Boris bounce sees sale of homes hit new peak
December saw an unseasonal jump
The Scottish property market enjoyed an unusually sharp rise in December sales following Boris Johnson’s General Election win, new research has revealed.
Aberdein Considine’s Property Monitor report shows more than 10,000 homes changed hands in December, an unseasonal jump of 15% on November and the highest single month of sales recorded since October 2018.
In total, sales increased in 25 out of the country’s 32 local authority areas and £1.9 billion worth of property was purchased in the post-polling day rush.
Scotland registered sales totalling just under £18.7bn for the year thanks to the late surge, £550 million more than 2018.
Jacqueline Law, managing partner at Aberdein Considine, said the figures were early signs that the so-called ‘Boris Bounce’ was being felt both north and south of the border.
“After a year of political and economic uncertainty, it would appear that the decisive nature of the election result has brought a fresh wave of confidence to the property market,” she said.
“And while Scottish votes contributed little to the Prime Minister’ parliamentary majority, it looks like the country’s homeowners may well benefit in the years ahead.
As we head into the spring market, there is every sign that this trend will continue– Jacqueline Law, Aberdein Considine
“You have to go back to December 2007, before the global credit crunch, to find a higher month of pre-Christmas property sales.
“As we head into the spring market, there is every sign that this trend will continue, thanks largely to an injection of first-time buyers using new shared equity schemes.”
First-time buyers accounted for 50% of mortgaged property purchases in Scotland last year, according to the Property Monitor report. Up to 6,000 more are expected to take advantage of the Scottish Government’s new First Home Fund in 2020.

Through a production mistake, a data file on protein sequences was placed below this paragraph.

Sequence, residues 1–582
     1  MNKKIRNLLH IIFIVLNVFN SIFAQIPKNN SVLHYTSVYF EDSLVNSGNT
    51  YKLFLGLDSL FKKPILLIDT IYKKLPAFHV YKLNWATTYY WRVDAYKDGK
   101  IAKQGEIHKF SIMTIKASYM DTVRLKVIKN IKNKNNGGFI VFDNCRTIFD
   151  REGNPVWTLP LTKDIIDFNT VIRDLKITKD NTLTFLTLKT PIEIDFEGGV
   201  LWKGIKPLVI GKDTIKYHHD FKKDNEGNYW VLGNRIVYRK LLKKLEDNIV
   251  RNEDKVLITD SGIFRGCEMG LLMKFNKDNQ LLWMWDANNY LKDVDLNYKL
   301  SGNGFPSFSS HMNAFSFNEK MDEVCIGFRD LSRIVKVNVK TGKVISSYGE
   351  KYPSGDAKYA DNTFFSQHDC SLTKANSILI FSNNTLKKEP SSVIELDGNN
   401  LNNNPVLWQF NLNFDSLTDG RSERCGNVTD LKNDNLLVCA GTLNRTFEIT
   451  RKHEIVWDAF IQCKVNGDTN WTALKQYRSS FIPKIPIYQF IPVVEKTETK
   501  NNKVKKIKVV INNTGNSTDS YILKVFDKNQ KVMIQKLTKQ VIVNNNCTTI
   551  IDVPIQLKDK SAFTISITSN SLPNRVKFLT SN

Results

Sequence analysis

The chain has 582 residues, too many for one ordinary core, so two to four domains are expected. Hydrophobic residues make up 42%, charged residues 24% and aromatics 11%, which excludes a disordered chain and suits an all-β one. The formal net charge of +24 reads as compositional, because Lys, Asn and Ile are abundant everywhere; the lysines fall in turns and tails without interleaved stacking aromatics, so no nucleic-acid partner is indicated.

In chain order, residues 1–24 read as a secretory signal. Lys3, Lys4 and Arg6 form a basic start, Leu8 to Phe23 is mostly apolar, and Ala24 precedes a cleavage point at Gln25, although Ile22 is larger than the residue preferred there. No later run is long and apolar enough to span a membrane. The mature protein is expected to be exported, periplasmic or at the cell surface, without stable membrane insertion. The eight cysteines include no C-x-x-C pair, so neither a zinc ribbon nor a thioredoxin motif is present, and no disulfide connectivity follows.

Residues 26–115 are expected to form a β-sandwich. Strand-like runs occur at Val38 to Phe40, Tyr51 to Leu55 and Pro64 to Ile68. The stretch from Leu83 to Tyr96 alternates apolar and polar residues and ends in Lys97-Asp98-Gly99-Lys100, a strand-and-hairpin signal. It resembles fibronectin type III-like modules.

The shared equity scheme gives buyers up to £25,000 towards the cost of buying a home and is forecast to be a driving force in the market this year.
However, new entrants will still face the same old obstacles as they step onto the property ladder: rising property prices. The report shows that the average price paid for a home in Scotland during Q4 of 2019 was £178,151 and rising at a rate of 2.2% per year.
East Lothian has become the most expensive place in Scotland to buy. The average sale price in the region is now £267,905, more than £2,000 higher than second-placed Edinburgh.
East Dunbartonshire recorded the largest price rise during the quarter and is now the country’s third most expensive area, with an average sale price of £263,291.
Glasgow and Dundee offer the best value for money of Scotland’s major cities, with average prices of £163,874 and £146,101 respectively during the last quarter.
Prices are also stable in Aberdeen at £194,528, down just 0.1% on last year. However, for the first time since the oil and gas industry downturn, sales in the city jumped by 10.1% during the quarter, indicating better times may lie ahead.